« The Christian Right: Not So Crazy | Main | That's Some Reporting »

June 05, 2006

Welfare in the North

According to Laura Turner, Canada experienced a larger drop in welfare rolls between 1995 and 2004 than did the US, even though we instituted tough welfare reform laws and they, well, didn't. That suggests welfare reform "worked" largely because of the superheated economy of the late-90's, rather than a rejiggering of the perverse incentives set by modest income supports. As it is, I'm not really an opponent of welfare reform (though I would have constructed it a bit differently), but this is interesting data.

On the other hand, maybe Canada's not so kind after all. The report (pdf) Laura's using does indicate that has seen dramatic cuts across the region (for instance: "a single employable person in Prince Edward Island got provincial benefits of $10,039 in the peak year of 1986 and a comparable benefit of $5,988 in 2004. That represented a loss in dollars of $4,051 or a drop in income of 40.4 percent."), and even admits that "the notion of keeping welfare recipients very poor is deeply ingrained in the modern-day political psyche almost everywhere in Canada." So has the strategy of our northern neighbors been to simply make welfare inadequate, and thus force an exodus from, the rolls? What say you, Canadian readers?

June 5, 2006 | Permalink


TrackBack URL for this entry:

Listed below are links to weblogs that reference Welfare in the North:


Hey, the same strategy would work for Medicaid in US. Just cut the benefit, let people die, and magically costs and participants go down.

The DC Repubs are now talking about making Medicaid a block grant program, which is surely the first step to gutting the program by just cutting the block grants each year.

Posted by: JimPortlandOR | Jun 5, 2006 9:31:27 AM

Sadly, it is one of the few points of consensus in Canada that welfare should be kept to below-survival limits.

This wasn't always so, but when the Liberals took over in 1995, they were actually much harsher than previous Conservative governments. They cancelled a bunch of revenue-sharing, and provinces responded by cutting welfare, education, and health care.

Posted by: dymaxionworldjohn | Jun 5, 2006 10:03:51 AM

Shameful. Well, there's your canadian surplus miracle, in a nutshell. As a canadian, I find this news quite disconcerting. Good thing is (for me that is), I've escaped to France.

Posted by: A. Cottreau | Jun 5, 2006 1:00:13 PM

Welfare is a provincial responsibility, although traditionally there were substantial federal contributions. In the 90s, the federal government cut transfer payments drastically. A number of provincial governments, most notably Ontario's, cut welfare, and they all instituted some level of administrative hurdles to make it more difficult for able-bodied single types to get it. Canada's "welfare reform" was different in detail than in the US, but the general tendency was the same.

Posted by: Pithlord | Jun 5, 2006 1:15:15 PM

Yeah, like Pithlord said, Canada did instigate welfare reform much like the US -- minus federally mandated timelimits (the federal government relaxed all the things provinces had to do to get federal funding, including using a strict needs-test. None of the provinces have gone Mississippi-style draconian, but the devolution of responsibility to the provinces/states is basically the same, and many provinces have made it harder to get on the rolls.)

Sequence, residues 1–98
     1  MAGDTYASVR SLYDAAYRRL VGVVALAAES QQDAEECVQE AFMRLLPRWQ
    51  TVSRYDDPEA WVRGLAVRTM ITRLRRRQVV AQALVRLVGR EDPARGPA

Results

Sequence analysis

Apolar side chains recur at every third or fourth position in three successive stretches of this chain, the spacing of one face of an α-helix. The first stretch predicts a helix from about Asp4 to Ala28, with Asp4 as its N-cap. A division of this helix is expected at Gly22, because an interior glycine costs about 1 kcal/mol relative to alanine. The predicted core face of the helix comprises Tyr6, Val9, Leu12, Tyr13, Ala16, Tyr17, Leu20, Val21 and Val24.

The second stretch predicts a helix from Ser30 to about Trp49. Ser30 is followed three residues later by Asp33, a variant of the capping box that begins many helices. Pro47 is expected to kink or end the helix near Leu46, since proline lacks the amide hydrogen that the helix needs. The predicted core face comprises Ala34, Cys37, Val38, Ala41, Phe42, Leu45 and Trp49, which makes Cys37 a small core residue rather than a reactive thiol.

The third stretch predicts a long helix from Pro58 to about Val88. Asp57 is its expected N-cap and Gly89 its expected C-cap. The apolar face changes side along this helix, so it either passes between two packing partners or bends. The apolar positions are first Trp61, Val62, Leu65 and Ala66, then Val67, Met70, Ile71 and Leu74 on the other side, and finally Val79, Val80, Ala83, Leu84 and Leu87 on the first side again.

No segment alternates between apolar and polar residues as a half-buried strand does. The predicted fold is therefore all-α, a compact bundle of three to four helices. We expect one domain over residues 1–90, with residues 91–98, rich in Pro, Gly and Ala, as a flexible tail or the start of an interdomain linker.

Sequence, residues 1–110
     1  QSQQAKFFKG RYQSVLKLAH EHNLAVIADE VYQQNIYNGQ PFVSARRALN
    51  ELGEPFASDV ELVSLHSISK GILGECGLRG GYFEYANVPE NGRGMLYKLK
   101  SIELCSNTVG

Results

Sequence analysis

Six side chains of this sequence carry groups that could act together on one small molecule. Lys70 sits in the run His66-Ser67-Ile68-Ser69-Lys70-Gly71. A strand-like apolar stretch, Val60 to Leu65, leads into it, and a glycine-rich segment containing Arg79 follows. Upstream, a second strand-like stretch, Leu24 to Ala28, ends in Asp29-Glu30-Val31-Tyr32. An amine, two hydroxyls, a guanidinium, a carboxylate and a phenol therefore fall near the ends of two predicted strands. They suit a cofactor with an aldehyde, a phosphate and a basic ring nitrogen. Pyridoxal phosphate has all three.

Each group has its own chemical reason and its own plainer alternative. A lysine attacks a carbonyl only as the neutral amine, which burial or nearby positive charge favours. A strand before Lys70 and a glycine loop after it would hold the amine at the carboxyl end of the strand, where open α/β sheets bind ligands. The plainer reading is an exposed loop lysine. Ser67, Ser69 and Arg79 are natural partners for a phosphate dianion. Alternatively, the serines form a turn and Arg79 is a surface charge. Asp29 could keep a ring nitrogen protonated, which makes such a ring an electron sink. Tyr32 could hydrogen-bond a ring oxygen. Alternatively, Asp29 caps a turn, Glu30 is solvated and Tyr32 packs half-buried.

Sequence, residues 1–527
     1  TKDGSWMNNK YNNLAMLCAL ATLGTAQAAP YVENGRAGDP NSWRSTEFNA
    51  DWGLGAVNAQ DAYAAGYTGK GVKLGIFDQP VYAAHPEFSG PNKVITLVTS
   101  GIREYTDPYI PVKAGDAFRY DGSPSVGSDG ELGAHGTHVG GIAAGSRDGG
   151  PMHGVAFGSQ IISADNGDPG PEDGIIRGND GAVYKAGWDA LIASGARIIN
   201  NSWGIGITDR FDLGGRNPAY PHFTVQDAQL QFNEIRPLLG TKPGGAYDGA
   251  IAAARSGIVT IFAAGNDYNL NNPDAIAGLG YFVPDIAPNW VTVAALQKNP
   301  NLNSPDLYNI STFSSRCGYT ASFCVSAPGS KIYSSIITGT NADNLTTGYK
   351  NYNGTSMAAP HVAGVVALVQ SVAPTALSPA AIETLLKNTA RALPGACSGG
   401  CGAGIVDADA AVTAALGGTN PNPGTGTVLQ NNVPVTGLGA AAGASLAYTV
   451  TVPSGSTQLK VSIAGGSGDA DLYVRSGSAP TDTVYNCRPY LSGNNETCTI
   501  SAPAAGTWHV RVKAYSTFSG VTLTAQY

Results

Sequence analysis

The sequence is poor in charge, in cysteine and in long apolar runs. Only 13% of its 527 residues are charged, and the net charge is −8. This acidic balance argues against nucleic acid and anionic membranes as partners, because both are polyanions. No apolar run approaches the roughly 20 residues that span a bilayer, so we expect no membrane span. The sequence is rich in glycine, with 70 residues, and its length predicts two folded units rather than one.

But the real reason the rolls have fallen is that newer benefits like the big new post-1998 Child Benefit and Child Benefit supplement were basically conditional on the parent working. They go to welfare families but are clawed back in most provinces. If you're a low-income wage earner, there's no clawback. As well, most provinces use really draconian earnings exemptions with one-for-one deductions of benefits for earned income after like $100 a month. So it's work or welfare.

I'm not sure I think it's shameful that the rolls fell. 3 million recipients in a country of 28 million (in 1996)is a lot of welfare users. The thing is that by halving the rolls, most remaining recipients are people who really do need welfare and the replacement rates are disgraceful. Especially for disabled individuals -- usually less than 50% of the LICO poverty line. And these are people who, by definition, can't work. So we're no socialist utopia -- and the biggest cutters of all are actually the provincial Liberals who are in power in my province!

Posted by: laura | Jun 5, 2006 5:17:40 PM

Canada is actually a terrible example if you want to make the case that welfare caseloads have nothing to do with public policy. When social democratic governments gave way to neo-conservative ones in Ontario in 1995 and in B.C. in 2001, there was a quick drop.

Both Ontario and B.C. made a lot of noises about workfare, although neither really implemented anything.

There was also a federal unemployment insurance reform, but that was mostly reversed when the Liberals lost a bunch of seats in Atlantic Canada.

Posted by: Pithlord | Jun 5, 2006 5:28:35 PM

Yeah; the point I was making on my blog isn't that Canada didn't engage in public policy designed to get people off welfare and that the drop in the rolls "just happened" because of the economy. What surprised me was (a) how big the drop actually was and (b) that explicit time limits aren't apparently a big determinant of the size of the rolls -- since that's what everyone talked about with the US and UK welfare reforms.

Posted by: laura | Jun 5, 2006 8:19:18 PM


I don't think you were doing that, but Ezra sort of was.

Posted by: Pithlord | Jun 6, 2006 8:26:50 PM

The comments to this entry are closed.